In a partial victory against needless new barriers to growing the green economy and decarbonizing the electric system, the Legislative Committee of the California State License Board (CSLB) pushed back this week against a campaign to prohibit solar contractors in California from installing paired solar plus storage systems. We stood with the many solar installers who showed up in force for a public hearing in Sacramento, making the case that a rising solar industry will create good jobs for many types of solar workers including electricians.
Currently, state regulations allow solar contractors (C-46 licenses) to install a battery energy storage system (BESS) at the same time of solar photovoltaic installation. However, only electrical contractors (C-10 licenses) are permitted to install standalone BESS in existing buildings. The electrical workers union and a handful of large electrical contractors have pressed the CSLB to change the state rules to allow only C-10 contractors to install behind-the-meter solar paired with battery storage. However, they failed to provide credible evidence that there are problems with solar contractors currently doing this work - and in fact, C-46 contractors do their work as safely as C-10s because they are subject to the same engineering, permitting and inspections they are.
Vote Solar was there to testify that the need for energy storage systems and the jobs needed to install them are growing rapidly with an expected 10-fold increase in storage systems installed by 2030 as California moves towards a carbon-free electric system. I told the Committee that energy storage systems will be needed in all sizes, throughout the grid and on the grid’s edge - for both behind-the-meter and in-front-of -the-meter systems. I urged the CSLB to avoid adopting regulations that would hold back the growth of the solar workforce, slow storage deployment and reduce competitive forces in the industry. I also argued that solar installers, electrical contractors and utility workers are all needed for the task of decarbonizing the electric system.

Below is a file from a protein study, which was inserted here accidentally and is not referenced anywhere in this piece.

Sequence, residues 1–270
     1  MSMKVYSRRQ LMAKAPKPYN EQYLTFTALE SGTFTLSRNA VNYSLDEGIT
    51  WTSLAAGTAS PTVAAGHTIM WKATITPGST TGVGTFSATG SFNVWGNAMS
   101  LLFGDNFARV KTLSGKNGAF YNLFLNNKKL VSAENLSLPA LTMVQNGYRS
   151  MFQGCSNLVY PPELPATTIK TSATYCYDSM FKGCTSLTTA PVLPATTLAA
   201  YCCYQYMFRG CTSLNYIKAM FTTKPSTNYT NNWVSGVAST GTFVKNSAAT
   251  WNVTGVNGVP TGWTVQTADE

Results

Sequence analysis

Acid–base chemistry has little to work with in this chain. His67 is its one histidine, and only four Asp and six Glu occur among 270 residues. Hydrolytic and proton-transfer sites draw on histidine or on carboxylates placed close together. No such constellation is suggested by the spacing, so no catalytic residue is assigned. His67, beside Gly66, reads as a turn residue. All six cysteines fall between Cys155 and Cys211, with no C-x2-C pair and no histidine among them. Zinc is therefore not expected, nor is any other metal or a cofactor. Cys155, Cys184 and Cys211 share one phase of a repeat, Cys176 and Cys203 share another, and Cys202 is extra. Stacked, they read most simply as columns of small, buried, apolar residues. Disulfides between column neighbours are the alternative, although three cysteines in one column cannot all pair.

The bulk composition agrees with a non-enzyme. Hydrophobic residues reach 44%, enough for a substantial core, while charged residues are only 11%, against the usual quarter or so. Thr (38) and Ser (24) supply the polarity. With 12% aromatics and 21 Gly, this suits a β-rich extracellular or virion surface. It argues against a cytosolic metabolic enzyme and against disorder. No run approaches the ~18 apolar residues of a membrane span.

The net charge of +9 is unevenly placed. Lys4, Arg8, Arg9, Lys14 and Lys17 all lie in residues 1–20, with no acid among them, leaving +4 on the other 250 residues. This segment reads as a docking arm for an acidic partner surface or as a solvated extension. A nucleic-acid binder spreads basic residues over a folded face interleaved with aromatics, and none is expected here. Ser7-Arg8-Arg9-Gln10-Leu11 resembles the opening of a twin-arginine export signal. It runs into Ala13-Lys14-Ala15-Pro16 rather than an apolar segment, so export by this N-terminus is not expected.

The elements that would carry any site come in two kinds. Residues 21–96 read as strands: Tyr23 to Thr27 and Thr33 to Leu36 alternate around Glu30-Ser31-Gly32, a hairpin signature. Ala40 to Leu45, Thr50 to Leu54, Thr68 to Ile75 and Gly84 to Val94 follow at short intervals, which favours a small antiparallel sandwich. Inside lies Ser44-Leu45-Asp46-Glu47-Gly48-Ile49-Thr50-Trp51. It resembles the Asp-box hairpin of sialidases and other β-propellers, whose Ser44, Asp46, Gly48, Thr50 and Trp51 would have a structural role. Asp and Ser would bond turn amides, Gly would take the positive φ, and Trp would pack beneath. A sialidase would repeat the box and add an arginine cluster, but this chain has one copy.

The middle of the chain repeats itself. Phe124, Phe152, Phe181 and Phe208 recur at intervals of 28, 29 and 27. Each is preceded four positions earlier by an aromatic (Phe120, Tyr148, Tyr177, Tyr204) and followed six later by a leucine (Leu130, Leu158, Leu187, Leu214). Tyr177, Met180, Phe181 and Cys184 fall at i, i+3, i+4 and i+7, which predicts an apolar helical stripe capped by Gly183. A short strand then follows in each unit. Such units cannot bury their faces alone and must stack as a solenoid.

Several electrical contractors argued that installing a BESS requires a connection to a building’s electrical panel and that only a certified electrician could perform that work. The solar installers, on the other hand, argued that BTM solar plus storage systems are “plug and play” with an installation process similar to that of a heat pump or air conditioner.
Many solar installers pointed out that they have been connecting PV systems to homes and commercial buildings for decades without any problems. In response, an electrical workers’ attorney argued that the CSLB did not need any evidence that there has been a problem with the current practice of installing solar or solar plus storage. Instead, he argued the CSLB could take a “precautionary” action to prohibit solar contractors from installing solar plus storage based on the potential for harm.
At the end of the six hour hearing, the CSLB Legislative Committee voted to have its staff further investigate what would be an appropriate cap on the size of BTM solar plus storage that could be installed by solar contractors. A staff report initially put forward an option that systems up to 10 kW could be installed by solar contractors. However, Vote Solar staff pointed out to the Committee that more than 70% of commercial PV systems in California are larger than 10 kW and that such a cap would be arbitrary and discriminatory. The California Solar and Storage Association requested that it be consulted in the process of determining an appropriate cap on system size.
Vote Solar intends to work closely with the solar industry to assure that the final regulations adopted by the CSLB recognize the need for growing a well-qualified solar workforce and to avoid arbitrary limitations on which contractors can perform the work. The solar industry is already one of the fastest growing job sectors in the United States. According to the U.S. Department of Energy there are already twice as many people working in solar than the combined number of people working at coal, oil and gas power plants. America’s growing clean energy industry is ready and able to produce good, diverse career opportunities, and we look forward to finding a more productive way to work with both solar installers and electrical contractors to live up to that promise.